ASU Art Museum explores sustainability definitions in Fall exhibitions
In 1987, the United Nations’ Bruntland Commission defined the concept of sustainable development as “meeting the needs of the present without compromising the ability of future generations to meet their own needs…” Is this an accurate definition? Certainly. Does it capture the imagination, and prod people to action? Probably not…
This Fall, Arizona State University’s Art Museum is going to take another, and very different, stab at formulating a definition for sustainability. A series of projects gathered under the title Defining Sustainability will not only display artistic renderings of the concept (or specific examples of it, such as greener transportation or recycled shade structures), but also bring together “artists and designers, faculty and students [to] engage the greater Phoenix community in their creative processes and in conversations about sustainability.” The projects included in the series:
- Native Confluence: Sustaining Cultures — Native American artists, led by Nora Naranjo Morse, will collaborate on a project using organic materials “to create an installation that will extend beyond the walls of the building.”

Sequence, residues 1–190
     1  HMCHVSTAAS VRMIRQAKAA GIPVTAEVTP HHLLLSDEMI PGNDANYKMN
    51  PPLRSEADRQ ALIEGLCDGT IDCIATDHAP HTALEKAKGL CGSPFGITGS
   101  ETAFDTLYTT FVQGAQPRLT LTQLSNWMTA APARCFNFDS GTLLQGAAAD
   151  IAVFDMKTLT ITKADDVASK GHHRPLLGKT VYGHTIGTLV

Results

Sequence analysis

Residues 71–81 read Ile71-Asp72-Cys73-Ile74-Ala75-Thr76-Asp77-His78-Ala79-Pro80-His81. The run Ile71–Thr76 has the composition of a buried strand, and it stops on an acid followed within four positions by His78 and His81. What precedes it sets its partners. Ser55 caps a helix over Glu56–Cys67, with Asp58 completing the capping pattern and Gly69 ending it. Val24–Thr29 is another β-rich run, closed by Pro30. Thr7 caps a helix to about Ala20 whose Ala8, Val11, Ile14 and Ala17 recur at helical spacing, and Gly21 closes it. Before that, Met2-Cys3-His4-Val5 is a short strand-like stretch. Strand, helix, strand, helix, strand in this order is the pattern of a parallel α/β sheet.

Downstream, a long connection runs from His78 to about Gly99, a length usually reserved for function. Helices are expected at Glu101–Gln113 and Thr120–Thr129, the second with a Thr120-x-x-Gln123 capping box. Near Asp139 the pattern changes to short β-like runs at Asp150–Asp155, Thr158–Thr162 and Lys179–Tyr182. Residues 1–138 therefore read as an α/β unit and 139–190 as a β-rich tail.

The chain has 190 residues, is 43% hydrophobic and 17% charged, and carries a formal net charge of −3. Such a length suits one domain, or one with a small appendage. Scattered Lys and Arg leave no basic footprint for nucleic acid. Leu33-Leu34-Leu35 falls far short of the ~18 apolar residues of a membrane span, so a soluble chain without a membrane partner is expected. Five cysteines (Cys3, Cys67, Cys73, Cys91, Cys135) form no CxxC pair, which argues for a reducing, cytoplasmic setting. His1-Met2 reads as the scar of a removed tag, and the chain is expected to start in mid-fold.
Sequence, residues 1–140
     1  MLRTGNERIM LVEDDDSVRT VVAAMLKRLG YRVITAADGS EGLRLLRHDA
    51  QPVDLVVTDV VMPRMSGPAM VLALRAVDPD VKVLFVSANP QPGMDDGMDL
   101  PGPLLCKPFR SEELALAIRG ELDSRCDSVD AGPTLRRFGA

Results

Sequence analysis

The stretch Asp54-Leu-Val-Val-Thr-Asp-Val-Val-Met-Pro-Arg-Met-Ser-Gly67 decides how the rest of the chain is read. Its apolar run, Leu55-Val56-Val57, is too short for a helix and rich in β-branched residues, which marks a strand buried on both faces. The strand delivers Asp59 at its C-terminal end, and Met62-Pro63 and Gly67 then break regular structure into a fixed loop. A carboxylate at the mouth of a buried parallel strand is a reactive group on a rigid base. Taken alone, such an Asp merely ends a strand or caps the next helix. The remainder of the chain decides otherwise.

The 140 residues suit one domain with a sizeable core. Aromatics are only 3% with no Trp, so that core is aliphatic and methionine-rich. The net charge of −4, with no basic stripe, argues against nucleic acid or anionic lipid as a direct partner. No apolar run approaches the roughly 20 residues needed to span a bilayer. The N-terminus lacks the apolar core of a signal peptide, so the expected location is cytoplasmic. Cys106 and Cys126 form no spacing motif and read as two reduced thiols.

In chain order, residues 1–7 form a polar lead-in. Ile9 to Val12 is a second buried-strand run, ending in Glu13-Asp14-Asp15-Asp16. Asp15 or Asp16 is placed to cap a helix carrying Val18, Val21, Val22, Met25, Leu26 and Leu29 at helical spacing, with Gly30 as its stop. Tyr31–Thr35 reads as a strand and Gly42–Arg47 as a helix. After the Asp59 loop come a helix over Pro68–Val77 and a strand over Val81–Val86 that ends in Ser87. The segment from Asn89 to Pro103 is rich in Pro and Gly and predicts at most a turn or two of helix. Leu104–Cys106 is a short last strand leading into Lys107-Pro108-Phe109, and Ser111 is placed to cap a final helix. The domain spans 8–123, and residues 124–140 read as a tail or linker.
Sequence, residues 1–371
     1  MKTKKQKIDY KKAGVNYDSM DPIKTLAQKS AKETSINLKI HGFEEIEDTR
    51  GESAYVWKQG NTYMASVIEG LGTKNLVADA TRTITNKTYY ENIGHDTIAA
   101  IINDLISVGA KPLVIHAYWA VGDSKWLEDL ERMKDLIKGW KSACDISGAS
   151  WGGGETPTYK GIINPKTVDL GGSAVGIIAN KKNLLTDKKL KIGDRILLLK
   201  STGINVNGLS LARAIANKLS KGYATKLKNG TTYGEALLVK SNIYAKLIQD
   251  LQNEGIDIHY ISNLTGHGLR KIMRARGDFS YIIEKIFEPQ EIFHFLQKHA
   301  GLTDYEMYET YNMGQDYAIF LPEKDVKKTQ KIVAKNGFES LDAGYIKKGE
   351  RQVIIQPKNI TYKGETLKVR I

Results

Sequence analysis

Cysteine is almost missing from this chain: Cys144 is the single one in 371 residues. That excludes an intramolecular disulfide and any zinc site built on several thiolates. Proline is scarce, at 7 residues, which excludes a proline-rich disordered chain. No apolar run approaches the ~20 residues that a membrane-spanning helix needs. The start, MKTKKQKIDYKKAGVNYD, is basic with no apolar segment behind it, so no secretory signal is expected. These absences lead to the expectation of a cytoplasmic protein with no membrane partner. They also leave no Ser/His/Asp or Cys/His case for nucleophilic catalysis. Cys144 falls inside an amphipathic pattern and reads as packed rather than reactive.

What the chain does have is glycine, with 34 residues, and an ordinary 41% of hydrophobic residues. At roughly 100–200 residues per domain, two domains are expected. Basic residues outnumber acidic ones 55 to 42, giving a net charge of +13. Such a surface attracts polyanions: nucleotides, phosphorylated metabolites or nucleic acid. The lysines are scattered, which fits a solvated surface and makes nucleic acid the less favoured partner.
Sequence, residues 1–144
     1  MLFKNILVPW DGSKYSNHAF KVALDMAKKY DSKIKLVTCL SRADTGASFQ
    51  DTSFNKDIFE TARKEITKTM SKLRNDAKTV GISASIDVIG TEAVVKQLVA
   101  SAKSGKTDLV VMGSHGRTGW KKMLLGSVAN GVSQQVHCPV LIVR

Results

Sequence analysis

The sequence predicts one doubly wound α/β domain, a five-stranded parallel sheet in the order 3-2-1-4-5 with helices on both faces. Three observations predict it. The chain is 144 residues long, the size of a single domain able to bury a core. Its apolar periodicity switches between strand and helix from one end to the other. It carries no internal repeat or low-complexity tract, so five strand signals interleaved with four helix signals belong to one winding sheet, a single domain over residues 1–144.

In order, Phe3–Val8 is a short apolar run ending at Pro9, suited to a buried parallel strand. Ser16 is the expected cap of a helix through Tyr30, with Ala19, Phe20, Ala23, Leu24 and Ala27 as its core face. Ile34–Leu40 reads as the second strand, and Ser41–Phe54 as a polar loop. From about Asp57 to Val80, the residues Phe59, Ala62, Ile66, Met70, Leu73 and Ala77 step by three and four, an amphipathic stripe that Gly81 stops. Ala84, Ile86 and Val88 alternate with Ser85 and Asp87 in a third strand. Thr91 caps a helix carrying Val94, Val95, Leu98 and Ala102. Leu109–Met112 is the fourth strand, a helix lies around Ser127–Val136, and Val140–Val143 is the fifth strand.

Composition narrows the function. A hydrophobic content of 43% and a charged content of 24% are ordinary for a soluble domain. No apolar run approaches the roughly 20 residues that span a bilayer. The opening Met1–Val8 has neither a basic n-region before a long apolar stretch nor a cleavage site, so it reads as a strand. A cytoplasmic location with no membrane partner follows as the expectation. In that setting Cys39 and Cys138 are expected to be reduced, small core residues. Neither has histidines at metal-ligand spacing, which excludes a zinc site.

- Political Ply — “… recycled political posters will be used to create shade structures on the museum’s west side sculpture courts.”
- Canalscape for Metro Phoenix — this project will involve the creation of “an environment in the museum’s entryway to view project ideas and information about the history of Phoenix’s canals and future prospects.”
Each project will (obviously) involve more than art works on display: all three involve re-envisioning the museum and surrounding space itself, and connections to the larger community. In short, artists and curators will interrogate the traditional environment for art itself as a means of spurring discussions on the relationships between cutural, natural, and built environments.
Designing Sustainability will open on September 19, and run through January 30.
via FOX Business
Image credits: ASU News